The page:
Director: Eliza Hittman | 1h 41mins | Drama
Autumn (Sidney Flanigan), a 17-year-old girl from Pennsylvania, founds out she’s pregnant. In order to get the help she needs she heads to New York with her cousin, Skylar (Talia Ryder).
This review may contain spoilers.
Sometimes a film is much bigger than it first seems; this year, we saw a similar thing with The Assistant (2020), a film that speaks subtly on the office environment and the day-to-day harassment that women suffer. Eliza Hittman’s tender drama Never Rarely Sometimes Always works in a similar vein, telling the tale of a young teenage girl as she tries to get help from a system that is backwardly against her. It’s a narrative that subtly tells us her experience while providing a wake up call to just how broken a place the world can be.
The main character Autumn is a quiet person, something that is brushed off as teenage angst by her miserable step-father but earnestly defended by her mother. After a school performance, the family go to a restaurant where her step-father even refuses to compliment her because of her attitude. It’s not abusive but it certainly isn’t supportive, something that’s honest to a lot of family relationships across the world. In the restaurant as well is a group of boys who make snide comments to Autumn as she storms out, until she throws water in their face. It’s a wonderfully set up film, one that tells a lot about character and situation without really saying a lot – something that’s continued effortlessly throughout the film.
There’s a wonderful example of the film’s ‘show not tell’ style before we even know of Autumn’s pregnancy. She’s a teenage girl who feels alone in this world and, unable to tell anyone about her situation, Hittman shows us through the subtlest of camera movements. As Autumn stands, looking at herself in the mirror, the camera delicately moves to focus on her stomach. It’s a beautiful way to tell your audience what’s happening and the entire movie is full of these gorgeously composed sequences that allow us to engage in a story about a central character with such an internal and bottled up personality.
After going to the local clinic, Autumn begins discussing adoption options with her nurse: someone who’s very polite and understanding due to her occupation but is evasive when it comes to conversations on abortion. The only ‘help’ she gives is by showing Autumn a transparent anti-abortion tape. After all, we know the horrid laws that have been passed in certain states of the US, the whole reason films like this are important. But, after a cursory web search and a heartbreaking attempt at ‘self-abortion’, Autumn finds a potential solution in New York.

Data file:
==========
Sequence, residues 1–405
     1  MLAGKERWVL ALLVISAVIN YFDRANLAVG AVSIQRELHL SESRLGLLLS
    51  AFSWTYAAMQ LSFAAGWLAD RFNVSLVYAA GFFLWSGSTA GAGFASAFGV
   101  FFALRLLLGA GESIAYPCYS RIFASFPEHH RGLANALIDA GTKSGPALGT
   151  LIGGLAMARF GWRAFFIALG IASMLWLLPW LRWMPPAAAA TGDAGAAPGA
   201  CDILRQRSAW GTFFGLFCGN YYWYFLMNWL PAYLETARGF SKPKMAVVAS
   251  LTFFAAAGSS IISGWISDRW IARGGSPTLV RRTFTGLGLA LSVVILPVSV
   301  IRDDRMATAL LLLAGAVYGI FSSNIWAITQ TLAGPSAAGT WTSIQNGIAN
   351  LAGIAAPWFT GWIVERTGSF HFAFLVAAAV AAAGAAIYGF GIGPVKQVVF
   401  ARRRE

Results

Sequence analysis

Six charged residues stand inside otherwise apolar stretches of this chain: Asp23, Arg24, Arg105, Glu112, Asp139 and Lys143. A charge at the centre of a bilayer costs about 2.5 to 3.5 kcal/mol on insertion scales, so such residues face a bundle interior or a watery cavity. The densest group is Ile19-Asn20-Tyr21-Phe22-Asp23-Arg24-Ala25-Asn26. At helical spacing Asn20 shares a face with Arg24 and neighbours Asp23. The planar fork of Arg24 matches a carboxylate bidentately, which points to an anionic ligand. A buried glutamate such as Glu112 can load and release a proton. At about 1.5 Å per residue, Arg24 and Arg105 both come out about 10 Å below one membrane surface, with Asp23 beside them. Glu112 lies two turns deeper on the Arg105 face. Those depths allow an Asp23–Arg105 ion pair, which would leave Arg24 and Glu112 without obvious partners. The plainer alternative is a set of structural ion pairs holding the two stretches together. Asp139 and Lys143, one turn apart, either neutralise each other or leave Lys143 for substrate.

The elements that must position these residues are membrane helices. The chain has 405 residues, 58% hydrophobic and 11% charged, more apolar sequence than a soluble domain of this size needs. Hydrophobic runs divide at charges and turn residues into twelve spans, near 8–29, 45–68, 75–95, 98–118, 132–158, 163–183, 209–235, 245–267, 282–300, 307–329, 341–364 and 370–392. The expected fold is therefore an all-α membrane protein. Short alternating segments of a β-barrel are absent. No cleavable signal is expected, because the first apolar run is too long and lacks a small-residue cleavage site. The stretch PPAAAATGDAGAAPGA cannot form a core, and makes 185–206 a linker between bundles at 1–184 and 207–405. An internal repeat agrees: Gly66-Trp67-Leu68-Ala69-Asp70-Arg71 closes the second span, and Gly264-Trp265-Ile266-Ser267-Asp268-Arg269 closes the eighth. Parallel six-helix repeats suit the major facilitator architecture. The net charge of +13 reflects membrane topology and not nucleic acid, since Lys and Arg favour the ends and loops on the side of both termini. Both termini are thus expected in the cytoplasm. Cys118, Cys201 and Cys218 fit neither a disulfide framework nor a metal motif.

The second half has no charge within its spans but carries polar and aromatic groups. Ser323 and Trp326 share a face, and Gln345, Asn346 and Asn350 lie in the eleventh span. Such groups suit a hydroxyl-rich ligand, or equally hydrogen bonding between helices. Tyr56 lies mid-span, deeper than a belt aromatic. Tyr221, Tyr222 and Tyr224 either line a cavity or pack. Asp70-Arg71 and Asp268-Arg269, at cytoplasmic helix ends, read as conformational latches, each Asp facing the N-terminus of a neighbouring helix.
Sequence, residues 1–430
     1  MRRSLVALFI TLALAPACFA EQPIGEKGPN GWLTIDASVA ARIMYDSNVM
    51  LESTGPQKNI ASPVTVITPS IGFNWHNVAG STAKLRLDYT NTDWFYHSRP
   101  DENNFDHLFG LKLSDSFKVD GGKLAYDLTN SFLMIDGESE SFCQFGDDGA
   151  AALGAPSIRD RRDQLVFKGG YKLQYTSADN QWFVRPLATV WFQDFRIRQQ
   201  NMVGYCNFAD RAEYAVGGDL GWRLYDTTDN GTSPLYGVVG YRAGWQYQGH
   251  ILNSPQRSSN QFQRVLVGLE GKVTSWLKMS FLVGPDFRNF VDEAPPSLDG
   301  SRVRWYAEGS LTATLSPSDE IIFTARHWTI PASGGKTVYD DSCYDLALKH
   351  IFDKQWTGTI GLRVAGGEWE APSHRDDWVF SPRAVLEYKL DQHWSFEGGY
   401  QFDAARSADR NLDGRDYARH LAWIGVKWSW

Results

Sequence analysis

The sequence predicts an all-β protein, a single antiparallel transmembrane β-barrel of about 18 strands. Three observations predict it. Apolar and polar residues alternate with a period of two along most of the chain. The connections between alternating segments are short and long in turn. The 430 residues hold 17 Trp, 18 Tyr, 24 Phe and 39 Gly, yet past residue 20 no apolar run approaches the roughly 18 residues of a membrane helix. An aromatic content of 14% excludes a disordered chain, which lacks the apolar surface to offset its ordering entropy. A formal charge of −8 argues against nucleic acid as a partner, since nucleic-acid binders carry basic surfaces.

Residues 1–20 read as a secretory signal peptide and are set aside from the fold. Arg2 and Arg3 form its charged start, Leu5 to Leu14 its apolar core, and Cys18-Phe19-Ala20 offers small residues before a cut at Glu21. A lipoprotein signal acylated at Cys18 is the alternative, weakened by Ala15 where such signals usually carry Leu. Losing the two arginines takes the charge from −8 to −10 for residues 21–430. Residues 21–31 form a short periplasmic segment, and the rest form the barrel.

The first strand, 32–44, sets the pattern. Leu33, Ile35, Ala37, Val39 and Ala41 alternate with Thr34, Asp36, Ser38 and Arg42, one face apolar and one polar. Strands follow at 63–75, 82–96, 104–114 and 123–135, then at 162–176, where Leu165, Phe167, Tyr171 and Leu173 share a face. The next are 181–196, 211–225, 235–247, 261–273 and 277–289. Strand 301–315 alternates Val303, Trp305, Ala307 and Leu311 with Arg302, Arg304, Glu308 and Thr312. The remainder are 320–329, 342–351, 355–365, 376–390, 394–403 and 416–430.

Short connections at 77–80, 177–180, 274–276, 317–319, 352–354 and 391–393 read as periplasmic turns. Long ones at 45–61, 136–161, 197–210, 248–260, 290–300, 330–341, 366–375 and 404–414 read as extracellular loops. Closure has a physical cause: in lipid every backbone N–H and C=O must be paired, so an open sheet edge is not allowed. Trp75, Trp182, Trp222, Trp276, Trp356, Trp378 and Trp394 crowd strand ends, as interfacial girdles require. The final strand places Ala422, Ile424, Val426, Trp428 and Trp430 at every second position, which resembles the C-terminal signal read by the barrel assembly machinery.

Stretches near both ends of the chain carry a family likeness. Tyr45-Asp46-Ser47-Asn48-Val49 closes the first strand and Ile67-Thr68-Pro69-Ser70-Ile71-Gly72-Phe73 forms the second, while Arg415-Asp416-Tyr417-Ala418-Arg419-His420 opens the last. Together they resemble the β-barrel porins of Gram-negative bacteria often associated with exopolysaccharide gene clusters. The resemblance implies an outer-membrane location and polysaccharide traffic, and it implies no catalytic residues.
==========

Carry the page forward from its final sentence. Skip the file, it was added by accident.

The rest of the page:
It’s such a joy to watch a film so in command of its story and message, one that’s told with such delicate beauty and heart-wrenching honesty.
Joining her on the journey is her cousin, Skylar, who’s really the only companion and friend that Autumn has in this lonely world. But Skylar opens up a whole new level of commentary for the film. She isn’t just a passenger of support on this journey but a character that Hittman uses to show us the daily discomfort a young girl has to suffer at the hands of men. She’s greeted by her boss, who’s a lot older, with an uncomfortable kiss on the hand. She even meets a boy on the bus to New York who can’t seem to take rejection when it’s staring him blankly in the face.
There’s one scene in particular that’s devastatingly honest; when the two girls are trying to find money to get home. Skylar gives in to the advances of the guy from the bus and, as she’s pinned up against a wall while he kisses her, an unnoticed Autumn can only lock hands with her cousin, letting her know she is by her side. Hittman has created a delicately layered film and the relationship between Skylar and Autumn is one of the most important layers in it. These two characters though are nothing without an actor that’s able to handle the pressure of such representation, and Sidney Flanigan (Autumn) and Talia Ryder (Syklar) are perfect with every nuance of emotion demanded of them, both as a unit and in telling their own narratives.
The film’s title “Never Rarely Sometimes Always” refers to a particular scene in the film, one in which Autumn has to go through a questionnaire of sorts to determine the nature of her pregnancy and whether or not she has suffered any abuse. Now, up until this point, Autumn has been relatively subdued emotionally, usually lost in her own thoughts or determined to hide her anguish. But when the Nurse asks her about any forced sexual experience, all that bottled up emotion that’s been settling inside of Autumn comes tumbling out. It’s here we learn that her pregnancy may have been a product of abuse. It’s a scene that has such heart-sinking power, one that’s performed immaculately. And Hittman’s decision to stay tightly locked onto Autumn’s face is a stroke of genius; such a raw scene that sees the quality of the film at its zenith, a scene that could very well be one of the best 2020 has to offer.
It’s such a joy to watch a film so in command of its story and message, one that’s told with such delicate beauty and heart-wrenching honesty. Not just that though, it gives two blistering performances that shake you to your core. Subtle, moving and devastatingly real, Never Rarely Sometimes Always is one of the finest examples of unspoken storytelling that you’ll see for a long time.